Correctional Services, Recidivism Rates

06 Feb 2007 questionsarchive

I seek leave to make a brief explanation before asking the Minister for Correctional Services a question on the subject of recidivism rates.

The Hon. J.M.A. LENSINK: The Government Services Report, published on 31 January, reports on a range of justice and other measures on a state-by-state basis. One of those measures is the rate of return reported by the criminal justice system and specifically for prisoners released who return to prison under sentence within two years. It is expressed as a percentage. The national rate within the table from 2001-02 was 40.1 per cent and has demonstrated a steady decline to 2005-06 of 38.3 per cent. In comparison, South Australia in 2001-02 was less than the national average, on 36.4 per cent, and it has since risen under this government to 41.1 per cent and is now greater than the national average. I note that, in all other states over this five-year period, the rate has decreased or fluctuated within a percentage point of some 2 per cent. How can the minister reconcile the government’s rhetoric that South Australia is a safer place, when the evidence that South Australia’s revolving door of offenders through our prison system is in fact revolving faster?

The Hon. CARMEL ZOLLO (Minister for Correctional Services): I thank the honourable member for her question.We are a safer community because we have stricter parole in this state and a different bail program that has a home detention component.

An honourable member interjecting:

The Hon. CARMEL ZOLLO: Interpretations and comparisons within the Government Services Report that the honourable member is referring to always need to be analysed carefully because, although standard counting rules have been developed that compare data between jurisdictions, minimal changes in offender numbers in smaller states and territories, such as a state like South Australia, can cause variances in data that do not accurately represent real trends or represent consistent differences when compared with the larger jurisdictions that we have.

With respect to the return to prison rate, in past years South Australian corrections has consistently had the lowest, or one of the lowest, return to corrections rates in Australia, and this is based on annual statistics that compare the number of prisoners who are released from, and who return to, a corrections sanction within two years, as has already been mentioned. This year’s statistics show that South Australia, at 52.7 per cent, does have one of the highest return to corrections rates of any correctional jurisdiction in Australia.

The higher than normal national average is as a result of Australia-wide changes made to counting rules that now include parolees in the statistics. Previously, parolees were considered to still be serving a sentence, albeit in the community, and were excluded from these data sets. The inclusion of parolees this year has inflated all jurisdictional returns to corrections statistics by about 10 per cent and has further increased South Australia’s statistics because the parole conditions in South Australia, as I have mentioned, are generally more strict than other states, which inevitably results in higher returns to corrections rates.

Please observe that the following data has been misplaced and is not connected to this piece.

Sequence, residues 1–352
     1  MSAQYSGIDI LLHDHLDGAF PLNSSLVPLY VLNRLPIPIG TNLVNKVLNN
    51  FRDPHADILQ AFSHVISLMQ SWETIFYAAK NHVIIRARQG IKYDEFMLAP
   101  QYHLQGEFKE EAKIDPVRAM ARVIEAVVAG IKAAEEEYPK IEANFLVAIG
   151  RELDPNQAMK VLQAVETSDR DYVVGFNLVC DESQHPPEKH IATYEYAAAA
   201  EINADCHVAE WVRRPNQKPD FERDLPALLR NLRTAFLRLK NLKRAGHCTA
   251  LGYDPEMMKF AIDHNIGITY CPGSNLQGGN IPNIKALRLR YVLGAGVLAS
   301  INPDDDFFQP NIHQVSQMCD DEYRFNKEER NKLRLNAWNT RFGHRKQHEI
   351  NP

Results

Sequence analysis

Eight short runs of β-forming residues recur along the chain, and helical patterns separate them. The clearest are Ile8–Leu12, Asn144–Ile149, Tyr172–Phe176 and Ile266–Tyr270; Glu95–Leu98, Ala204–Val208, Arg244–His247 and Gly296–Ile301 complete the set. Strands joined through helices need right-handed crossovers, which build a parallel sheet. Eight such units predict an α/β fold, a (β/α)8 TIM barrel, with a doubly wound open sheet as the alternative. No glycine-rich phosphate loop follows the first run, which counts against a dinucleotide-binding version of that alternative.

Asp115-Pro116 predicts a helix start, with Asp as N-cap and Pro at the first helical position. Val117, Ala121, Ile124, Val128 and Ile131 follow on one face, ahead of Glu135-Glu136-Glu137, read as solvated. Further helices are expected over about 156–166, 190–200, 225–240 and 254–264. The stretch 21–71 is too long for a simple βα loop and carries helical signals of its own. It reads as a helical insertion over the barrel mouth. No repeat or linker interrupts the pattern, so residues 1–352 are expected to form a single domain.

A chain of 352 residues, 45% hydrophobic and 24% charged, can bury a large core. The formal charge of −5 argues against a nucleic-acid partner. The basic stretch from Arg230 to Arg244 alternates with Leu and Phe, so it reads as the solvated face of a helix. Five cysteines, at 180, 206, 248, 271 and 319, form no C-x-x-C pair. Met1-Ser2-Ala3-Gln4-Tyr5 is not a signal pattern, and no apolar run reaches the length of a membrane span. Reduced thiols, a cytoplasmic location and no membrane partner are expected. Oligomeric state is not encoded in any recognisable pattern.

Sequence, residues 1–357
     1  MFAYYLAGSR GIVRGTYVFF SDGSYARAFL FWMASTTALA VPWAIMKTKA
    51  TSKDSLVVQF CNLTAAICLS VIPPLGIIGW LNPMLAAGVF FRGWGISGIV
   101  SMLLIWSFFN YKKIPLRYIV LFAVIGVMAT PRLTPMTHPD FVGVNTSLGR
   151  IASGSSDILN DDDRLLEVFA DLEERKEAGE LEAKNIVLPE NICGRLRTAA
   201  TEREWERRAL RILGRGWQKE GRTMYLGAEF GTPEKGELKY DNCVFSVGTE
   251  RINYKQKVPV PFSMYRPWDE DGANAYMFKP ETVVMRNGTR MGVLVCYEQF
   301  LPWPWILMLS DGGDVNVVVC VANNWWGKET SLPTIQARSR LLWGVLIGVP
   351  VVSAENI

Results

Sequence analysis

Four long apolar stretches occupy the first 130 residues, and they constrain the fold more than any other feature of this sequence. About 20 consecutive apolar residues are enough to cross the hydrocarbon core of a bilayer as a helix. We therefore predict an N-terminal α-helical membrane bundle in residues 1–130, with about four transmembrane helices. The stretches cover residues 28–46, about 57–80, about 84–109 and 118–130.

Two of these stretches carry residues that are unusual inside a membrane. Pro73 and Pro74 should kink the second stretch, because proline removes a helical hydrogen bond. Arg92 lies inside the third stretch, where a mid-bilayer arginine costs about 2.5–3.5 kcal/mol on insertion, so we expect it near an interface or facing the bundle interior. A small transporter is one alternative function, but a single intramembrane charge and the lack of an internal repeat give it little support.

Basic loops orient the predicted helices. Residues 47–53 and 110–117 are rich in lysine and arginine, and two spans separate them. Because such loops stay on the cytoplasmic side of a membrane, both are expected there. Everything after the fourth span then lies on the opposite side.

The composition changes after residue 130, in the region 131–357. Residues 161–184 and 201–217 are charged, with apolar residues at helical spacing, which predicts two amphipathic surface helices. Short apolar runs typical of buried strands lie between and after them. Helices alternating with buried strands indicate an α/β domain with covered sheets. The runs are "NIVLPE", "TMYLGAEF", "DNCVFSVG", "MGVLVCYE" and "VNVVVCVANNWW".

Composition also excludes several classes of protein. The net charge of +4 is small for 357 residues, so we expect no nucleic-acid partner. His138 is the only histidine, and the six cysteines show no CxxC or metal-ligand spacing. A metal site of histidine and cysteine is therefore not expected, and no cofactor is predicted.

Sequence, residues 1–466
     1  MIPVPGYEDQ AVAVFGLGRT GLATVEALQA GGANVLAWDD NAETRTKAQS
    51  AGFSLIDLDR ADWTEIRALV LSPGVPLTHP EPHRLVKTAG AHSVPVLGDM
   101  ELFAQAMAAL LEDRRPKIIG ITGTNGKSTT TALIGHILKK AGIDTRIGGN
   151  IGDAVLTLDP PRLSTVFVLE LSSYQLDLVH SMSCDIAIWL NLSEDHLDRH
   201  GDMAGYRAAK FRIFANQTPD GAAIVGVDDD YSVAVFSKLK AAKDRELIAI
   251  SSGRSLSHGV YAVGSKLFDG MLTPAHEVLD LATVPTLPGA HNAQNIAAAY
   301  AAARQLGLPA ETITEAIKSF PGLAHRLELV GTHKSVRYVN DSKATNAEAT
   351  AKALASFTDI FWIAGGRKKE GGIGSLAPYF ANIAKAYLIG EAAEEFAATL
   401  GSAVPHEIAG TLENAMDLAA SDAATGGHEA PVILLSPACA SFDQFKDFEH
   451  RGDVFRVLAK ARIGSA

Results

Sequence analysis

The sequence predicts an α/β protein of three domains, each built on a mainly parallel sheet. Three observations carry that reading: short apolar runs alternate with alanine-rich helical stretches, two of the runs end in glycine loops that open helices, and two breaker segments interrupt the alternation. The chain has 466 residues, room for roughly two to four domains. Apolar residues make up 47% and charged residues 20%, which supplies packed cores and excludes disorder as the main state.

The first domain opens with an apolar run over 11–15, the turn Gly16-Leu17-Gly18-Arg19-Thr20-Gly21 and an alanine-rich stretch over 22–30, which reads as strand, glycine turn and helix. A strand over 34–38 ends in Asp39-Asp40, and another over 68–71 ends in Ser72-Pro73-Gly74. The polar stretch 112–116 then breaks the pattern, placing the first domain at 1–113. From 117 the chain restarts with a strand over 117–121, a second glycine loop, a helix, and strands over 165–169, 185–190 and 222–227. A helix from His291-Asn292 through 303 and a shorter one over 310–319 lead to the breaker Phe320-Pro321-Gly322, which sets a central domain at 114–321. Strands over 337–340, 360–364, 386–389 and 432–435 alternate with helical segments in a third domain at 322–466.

Under the new counting rules, every breach, no matter how small, is regarded as a return to corrections. On top of all this, as I have already mentioned, South Australia is the only jurisdiction in Australia to have a bail program that has a home detention component. The inclusion of these offenders in the return to corrections statistics for the first time this year has further inflated South Australia’s return to prison rate. So, although only 40 per cent of home detainees failed to complete their order, probably about 60 to 70 per cent have minor breaches against their names, and under the present counting rules each breach is counted as a return to corrections. So, South Australia’s higher than normal return to corrections statistics do not indicate a failing—

The Hon. J.M.A. LENSINK: On a point of order, Mr President: I referred only to prisons, not to the entire corrections, including community corrections.

The PRESIDENT: Order! There is no point of order there. The minister will answer the question in the best way she possibly can.

The Hon. CARMEL ZOLLO: Yes. Mr President—

The Hon. J.M.A. Lensink interjecting:

The PRESIDENT: The Hon. Ms Lensink will sit there and suffer in silence.

The Hon. CARMEL ZOLLO: The honourable member is, unfortunately, not interested. It is unfortunate. As I said before, they reflect a change to the counting rules, the effects of which have skewed the statistics in favour of other jurisdictions, because they do not have the same programs or the strict parole conditions of South Australia. So, the government makes no apologies—no apologies whatsoever— for the tough policies that influence the conditions of parole and home detection bail and which have resulted in a larger than normal rate of return to corrections. They are an integral part of a ‘tough on crime strategy’ that focuses police attention on prisoners leaving prisons, in a bid to make the community safer by targeting repeat offenders.